“Peter, how do you account for the blood,” the boy was asked as authorities placed before him s blood-stained pair of trousers, allegedly belonging to him.
“1 don’t see any blood,” the boy replied.
“Well, the chemists say it’s blood. Do you want us to get them?”
Dungarees Swept on Floor
The policeman recalled that Peter sat silent for a moment, hunched forward, and said the boy suddenly “grabbed the dungarees and swept them towards District Attorney Lane and myself.
Then, he continued, tne poy put his head down on the desk and started to sob, crying for about s minute until Chief Folan told the boy, “Pull yourself together, Peter,” and offered the boy s glass of water and an aspirin.
Chief Folan, under exsminatlon later by atty. Goldstein, recalled that when the boy swept the clothing off the table he said:
“I did it I killed her.”
Goldstein queried Folan In an effort to determine whether the boy waa in s state of collapse at the time he broke down. But, questioned by Lane, the police chief said the boy was never abused and “was treated extremely well during the entire thing.”
Bogdanchik said that Lt Delay took over questioning the boy after be broke down, saying to the boy: “Now, Peter, brace yourself and tell us what happened on Thuri day.”
Sergeant Gives Details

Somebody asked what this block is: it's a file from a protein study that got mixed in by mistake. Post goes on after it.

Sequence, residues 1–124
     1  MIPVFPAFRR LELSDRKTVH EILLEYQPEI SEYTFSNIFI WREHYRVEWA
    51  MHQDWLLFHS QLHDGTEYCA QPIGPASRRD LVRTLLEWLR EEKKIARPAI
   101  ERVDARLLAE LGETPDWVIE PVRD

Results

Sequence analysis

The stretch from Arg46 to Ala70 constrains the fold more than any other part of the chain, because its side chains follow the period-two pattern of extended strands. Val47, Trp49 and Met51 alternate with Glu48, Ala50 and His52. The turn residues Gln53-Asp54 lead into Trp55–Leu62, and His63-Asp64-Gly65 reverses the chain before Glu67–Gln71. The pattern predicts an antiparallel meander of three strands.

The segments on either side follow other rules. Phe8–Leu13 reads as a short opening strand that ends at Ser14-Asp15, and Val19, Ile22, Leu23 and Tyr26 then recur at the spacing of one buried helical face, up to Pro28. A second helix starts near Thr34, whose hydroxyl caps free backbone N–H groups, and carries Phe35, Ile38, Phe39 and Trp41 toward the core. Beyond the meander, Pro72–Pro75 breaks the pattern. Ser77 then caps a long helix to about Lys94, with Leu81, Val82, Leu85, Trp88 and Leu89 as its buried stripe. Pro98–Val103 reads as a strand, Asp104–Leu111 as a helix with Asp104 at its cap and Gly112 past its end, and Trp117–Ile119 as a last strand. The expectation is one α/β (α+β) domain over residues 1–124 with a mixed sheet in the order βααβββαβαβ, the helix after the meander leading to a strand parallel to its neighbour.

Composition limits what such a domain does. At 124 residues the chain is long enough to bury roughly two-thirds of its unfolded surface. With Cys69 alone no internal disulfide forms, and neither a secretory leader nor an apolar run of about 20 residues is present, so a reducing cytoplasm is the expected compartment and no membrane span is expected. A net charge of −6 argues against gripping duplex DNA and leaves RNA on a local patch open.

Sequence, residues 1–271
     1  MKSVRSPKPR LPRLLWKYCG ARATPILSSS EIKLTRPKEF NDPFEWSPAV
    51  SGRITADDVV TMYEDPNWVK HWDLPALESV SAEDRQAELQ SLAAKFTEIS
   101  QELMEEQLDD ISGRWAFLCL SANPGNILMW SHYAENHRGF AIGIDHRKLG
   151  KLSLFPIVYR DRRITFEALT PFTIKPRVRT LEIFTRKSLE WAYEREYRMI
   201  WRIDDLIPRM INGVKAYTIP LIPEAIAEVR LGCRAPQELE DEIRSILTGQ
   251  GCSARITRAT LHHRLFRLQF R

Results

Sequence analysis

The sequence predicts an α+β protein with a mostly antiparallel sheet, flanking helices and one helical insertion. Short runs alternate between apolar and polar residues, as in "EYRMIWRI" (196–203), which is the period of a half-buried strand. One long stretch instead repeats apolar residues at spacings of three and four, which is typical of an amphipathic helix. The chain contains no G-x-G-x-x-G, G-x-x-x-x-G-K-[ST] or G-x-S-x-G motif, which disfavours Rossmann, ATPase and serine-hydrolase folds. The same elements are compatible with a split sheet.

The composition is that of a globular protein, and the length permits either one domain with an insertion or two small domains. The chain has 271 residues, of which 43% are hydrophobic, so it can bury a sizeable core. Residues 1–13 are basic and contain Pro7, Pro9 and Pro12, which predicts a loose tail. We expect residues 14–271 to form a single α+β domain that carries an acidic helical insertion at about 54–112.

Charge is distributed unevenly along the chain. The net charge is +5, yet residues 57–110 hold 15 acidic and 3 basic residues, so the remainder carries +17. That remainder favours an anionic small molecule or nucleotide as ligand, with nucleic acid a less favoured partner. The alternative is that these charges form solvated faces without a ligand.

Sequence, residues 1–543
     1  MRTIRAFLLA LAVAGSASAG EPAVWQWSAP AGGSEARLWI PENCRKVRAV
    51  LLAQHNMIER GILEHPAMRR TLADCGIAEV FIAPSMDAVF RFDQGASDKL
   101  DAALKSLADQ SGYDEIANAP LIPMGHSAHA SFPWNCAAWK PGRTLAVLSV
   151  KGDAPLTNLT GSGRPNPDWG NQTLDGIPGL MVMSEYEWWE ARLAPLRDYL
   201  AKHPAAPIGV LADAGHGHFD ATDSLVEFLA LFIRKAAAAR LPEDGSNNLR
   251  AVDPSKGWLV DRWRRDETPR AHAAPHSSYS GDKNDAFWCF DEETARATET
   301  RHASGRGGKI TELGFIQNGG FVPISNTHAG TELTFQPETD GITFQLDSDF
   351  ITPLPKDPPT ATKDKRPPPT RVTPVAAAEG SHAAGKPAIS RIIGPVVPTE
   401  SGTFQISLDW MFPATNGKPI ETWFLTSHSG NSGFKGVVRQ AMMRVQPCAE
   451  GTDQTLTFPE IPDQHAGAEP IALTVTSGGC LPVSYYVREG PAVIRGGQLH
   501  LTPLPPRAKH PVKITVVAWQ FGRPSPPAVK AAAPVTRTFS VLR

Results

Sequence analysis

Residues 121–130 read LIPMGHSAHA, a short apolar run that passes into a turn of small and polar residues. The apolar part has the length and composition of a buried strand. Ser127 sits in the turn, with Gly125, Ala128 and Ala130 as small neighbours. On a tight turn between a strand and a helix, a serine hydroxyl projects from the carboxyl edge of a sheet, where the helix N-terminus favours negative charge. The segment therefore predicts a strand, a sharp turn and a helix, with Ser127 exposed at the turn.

Peter’s story ran like this, according to Bogdanchik:
“On Thursday night, about 9:35, after my brother came home from the movies, I changed into dungarees, went downstairs Into the cellar and out through the cellar door, across the back lots, jumped over a fence and walked to the garage. (Two-car garage on Tremont st.)
“It was about 9:45 and I waited there until about 10 p. m when I heard Gerry walking up the sidewalk. As she was going up the stairs to the rear of the house I called to her:
” ‘Hi, Gerry, come here.’
“She replied, ‘Who’s there?”
“I answered, ‘Marky.’ “Gerry said, “What are you doing there, “I said, ‘Come here, I want to tell you something.’ “Gerry came into the garage and walked between the two cars. “I told her to turn around, put my hands around her neck, and strangled her. I kept my hands around her throat until her hands didn’t move anymore.”
Lt Delay, at this point, asked: “How long did you keep your hands around her neck?”
Paper Put ln Evidence
“About 15 or 20 minutes.” the boy allegedly replied.
Did she kick you?” Delay Inquired.
“No, she scratched me.
“Did anyone go into the house during this time?”
“No, someone a man left the house.”
Bogdanchik, continuing, said the boy told them he “Backed her onto the floor, removed her jacket, wrapped it around her nose and mouth, and then took off her sweater, dungarees, panties, and bra.